By Bob Rush, Bench Tips column
When I was at the 2018 Roseville Rock Rollers annual show in Roseville, California, I met up with Mike Hopkins, owner of the Scorpion” Silica Crystal mine. I knew he was going to be a dealer at the show, and sure enough, there he was, selling specimens of his lovely gem material. Most consisted of larger pieces—from fist size up to 12 inches across—but I was hoping to get smaller pieces that I could fashion into jewelry. I wasn’t disappointed.
Spotting Suitable Silica
I found two suitable pieces rather quickly. (For a detailed description of this gem material, refer to an article I wrote for the December 2015 issue of Rock & Gem entitled “Scorpion Silica Crystals”.)
Back home, I examined my purchases and chose to work with the more colorful of the two. It needed some minor shaping. Small white protrusions on one side did not have any support from the back, so I removed them. The final work on the piece was to grind the back flat so that I could attach it to a backing. I tried white, red and black materials for the backing before settling on a perfectly black slab of basanite. I like working with basanite because it is rather durable and takes a great polish.
Basanite Slab Serves as Backing
I placed the cab on the basanite slab and sketched a pattern about 1/8 inch away from the crystal’s edge, closely following the contour of the silica crystal. During the design phase of the piece, I decided to incorporate a bail into the basanite backing to make a pendant, so I extended the design upwards to include the bail.
Because the thickness of the basanite would not allow me to drill a very large hole horizontally through the top, I had to devise something to add to the backing to allow for the larger hole, so I cut a small piece of basanite to add to the backing. Before adhering the small piece to the slab, I used a small diamond wheel to cut a groove in the small piece as well as in the top of the basanite backing. This would make it much easier to accurately drill the hole and enlarge it for the bail.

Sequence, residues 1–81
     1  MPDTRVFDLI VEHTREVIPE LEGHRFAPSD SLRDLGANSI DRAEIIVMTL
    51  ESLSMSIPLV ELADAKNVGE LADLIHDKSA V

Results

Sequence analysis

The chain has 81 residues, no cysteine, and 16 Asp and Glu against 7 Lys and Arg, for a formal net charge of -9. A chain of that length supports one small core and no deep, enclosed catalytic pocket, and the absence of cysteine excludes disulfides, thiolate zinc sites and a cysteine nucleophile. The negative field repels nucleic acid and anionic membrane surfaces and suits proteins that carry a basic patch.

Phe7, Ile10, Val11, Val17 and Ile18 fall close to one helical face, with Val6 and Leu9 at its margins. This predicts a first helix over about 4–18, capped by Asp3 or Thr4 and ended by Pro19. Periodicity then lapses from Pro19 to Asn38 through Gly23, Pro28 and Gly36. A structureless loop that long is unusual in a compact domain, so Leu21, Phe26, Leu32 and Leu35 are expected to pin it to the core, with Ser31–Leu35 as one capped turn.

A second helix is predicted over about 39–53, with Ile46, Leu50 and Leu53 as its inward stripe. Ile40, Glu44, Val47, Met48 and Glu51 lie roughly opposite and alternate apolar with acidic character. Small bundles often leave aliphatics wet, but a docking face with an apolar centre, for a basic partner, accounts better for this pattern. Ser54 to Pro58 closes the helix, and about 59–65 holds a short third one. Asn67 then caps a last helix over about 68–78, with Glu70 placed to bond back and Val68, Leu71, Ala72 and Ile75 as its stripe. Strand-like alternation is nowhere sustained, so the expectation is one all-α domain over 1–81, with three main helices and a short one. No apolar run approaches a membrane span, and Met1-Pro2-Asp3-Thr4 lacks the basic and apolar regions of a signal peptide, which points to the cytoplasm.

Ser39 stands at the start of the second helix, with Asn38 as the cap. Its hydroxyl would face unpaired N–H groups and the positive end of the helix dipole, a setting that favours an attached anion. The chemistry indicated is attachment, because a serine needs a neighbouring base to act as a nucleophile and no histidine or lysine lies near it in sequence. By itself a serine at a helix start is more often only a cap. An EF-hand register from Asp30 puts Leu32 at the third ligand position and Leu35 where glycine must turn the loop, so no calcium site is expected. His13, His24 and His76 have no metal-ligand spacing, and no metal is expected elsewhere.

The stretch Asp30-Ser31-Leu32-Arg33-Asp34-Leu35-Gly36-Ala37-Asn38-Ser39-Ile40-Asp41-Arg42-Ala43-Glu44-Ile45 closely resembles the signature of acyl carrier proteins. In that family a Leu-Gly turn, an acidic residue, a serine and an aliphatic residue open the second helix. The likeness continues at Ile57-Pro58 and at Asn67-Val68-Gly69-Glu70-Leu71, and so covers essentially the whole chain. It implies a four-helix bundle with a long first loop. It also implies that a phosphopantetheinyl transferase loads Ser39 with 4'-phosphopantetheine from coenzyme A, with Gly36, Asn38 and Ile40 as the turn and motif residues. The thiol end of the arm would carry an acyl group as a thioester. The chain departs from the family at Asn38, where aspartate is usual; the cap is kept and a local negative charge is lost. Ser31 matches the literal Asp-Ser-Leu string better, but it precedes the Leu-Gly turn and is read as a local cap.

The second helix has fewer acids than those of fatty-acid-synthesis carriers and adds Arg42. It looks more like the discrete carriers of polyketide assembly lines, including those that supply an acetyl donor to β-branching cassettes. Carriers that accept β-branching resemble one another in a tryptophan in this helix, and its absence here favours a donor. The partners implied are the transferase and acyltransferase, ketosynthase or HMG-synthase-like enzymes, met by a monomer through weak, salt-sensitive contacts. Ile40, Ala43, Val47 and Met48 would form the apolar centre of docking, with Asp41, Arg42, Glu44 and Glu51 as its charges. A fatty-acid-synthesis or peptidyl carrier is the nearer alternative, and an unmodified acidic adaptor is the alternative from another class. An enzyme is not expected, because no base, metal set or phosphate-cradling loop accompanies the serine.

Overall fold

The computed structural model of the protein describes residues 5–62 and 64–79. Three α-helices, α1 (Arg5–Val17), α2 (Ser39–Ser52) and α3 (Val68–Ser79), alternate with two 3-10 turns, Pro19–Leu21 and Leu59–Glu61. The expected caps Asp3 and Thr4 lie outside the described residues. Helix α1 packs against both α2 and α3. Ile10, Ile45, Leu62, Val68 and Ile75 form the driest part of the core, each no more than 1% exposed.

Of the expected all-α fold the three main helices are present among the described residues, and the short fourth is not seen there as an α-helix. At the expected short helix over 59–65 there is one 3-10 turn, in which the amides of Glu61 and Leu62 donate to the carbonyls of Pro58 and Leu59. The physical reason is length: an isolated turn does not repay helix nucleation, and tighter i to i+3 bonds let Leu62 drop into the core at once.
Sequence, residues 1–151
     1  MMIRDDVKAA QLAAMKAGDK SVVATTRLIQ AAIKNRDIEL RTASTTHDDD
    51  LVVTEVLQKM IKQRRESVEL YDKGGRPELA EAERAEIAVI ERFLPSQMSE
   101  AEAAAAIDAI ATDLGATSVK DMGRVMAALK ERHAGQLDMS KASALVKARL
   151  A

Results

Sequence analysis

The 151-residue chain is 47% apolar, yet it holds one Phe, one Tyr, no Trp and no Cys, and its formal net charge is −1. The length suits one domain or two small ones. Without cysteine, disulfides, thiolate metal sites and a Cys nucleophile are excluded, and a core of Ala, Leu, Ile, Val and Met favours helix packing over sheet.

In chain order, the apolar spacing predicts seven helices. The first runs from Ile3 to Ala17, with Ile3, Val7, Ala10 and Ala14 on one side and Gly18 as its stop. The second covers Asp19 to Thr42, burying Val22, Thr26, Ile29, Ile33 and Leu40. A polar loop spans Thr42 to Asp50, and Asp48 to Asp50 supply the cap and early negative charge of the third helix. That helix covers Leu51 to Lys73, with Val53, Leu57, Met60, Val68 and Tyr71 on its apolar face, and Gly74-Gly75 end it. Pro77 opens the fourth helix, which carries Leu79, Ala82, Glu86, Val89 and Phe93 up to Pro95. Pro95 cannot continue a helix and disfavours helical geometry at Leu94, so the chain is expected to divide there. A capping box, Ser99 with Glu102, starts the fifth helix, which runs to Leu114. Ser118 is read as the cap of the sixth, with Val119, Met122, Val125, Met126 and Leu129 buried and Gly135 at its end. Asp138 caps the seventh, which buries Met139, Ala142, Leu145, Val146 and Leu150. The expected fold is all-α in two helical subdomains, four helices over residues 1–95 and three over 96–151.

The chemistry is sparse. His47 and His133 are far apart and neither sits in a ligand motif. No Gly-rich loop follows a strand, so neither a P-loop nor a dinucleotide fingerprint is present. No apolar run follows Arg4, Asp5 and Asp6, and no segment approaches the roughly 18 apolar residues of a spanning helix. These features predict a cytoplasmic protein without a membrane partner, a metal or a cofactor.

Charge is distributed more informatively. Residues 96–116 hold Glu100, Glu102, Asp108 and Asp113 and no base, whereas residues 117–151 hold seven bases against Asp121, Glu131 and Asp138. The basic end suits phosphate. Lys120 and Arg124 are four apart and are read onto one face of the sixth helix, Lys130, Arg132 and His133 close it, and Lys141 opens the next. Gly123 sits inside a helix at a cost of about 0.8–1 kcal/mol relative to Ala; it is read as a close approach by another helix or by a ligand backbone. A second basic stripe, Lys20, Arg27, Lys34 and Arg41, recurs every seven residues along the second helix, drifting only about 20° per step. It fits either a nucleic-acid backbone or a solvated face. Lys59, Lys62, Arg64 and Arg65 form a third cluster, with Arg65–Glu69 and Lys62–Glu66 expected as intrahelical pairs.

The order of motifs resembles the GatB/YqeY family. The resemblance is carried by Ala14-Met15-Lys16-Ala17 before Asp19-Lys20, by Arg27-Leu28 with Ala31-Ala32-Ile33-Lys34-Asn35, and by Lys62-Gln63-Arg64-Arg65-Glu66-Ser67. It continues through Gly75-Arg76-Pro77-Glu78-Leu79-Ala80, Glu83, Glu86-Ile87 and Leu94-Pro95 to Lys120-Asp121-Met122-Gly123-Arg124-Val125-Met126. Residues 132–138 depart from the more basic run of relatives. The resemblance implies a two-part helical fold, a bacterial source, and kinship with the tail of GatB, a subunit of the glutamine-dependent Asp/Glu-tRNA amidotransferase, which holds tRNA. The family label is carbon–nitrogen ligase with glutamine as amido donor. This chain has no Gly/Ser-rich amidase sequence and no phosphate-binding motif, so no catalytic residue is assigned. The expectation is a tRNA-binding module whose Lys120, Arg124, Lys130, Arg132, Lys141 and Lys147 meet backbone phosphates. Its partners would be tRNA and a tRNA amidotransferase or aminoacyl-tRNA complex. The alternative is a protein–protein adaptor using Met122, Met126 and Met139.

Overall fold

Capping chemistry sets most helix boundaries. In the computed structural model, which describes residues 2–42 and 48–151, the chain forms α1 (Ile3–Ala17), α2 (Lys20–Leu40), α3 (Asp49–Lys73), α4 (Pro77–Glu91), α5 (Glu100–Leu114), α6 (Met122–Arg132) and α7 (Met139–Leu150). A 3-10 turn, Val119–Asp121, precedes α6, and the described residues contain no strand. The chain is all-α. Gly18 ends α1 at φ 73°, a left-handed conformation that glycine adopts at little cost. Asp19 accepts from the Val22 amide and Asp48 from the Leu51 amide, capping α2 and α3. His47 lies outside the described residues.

Shaping, Sanding, Polishing
After adhering the small piece with Epoxy 330, I ground it to a pleasing shape. The rest of
the shaping, sanding and polishing was completed on my lapidary machine. I decided to add a small carnelian accent stone to the bail area. I drilled a round hole in the basanite, shaped it to fit the accent stone and adhered it to the hole with Epoxy 330.
The final step was to lap the back surface of the silica crystal perfectly flat and to rough the front surface of the basanite with a diamond ball bur so the Epoxy 330 would adhere better. The final product ended up better than I had expected!
Author: Bob Rush
A professional within the lapidary industry since 1958 and metal work and jewelry since 1972.
He teaches at clubs and at Camp Paradise.
Are you interested in learning more about Rock & Gem magazine or regularly receiving copies of this stunning magazine in your mailbox or inbox?
You can purchase a one-year subscription (12 issues) for just $29.95. That’s a savings of 71% off the newsstand price.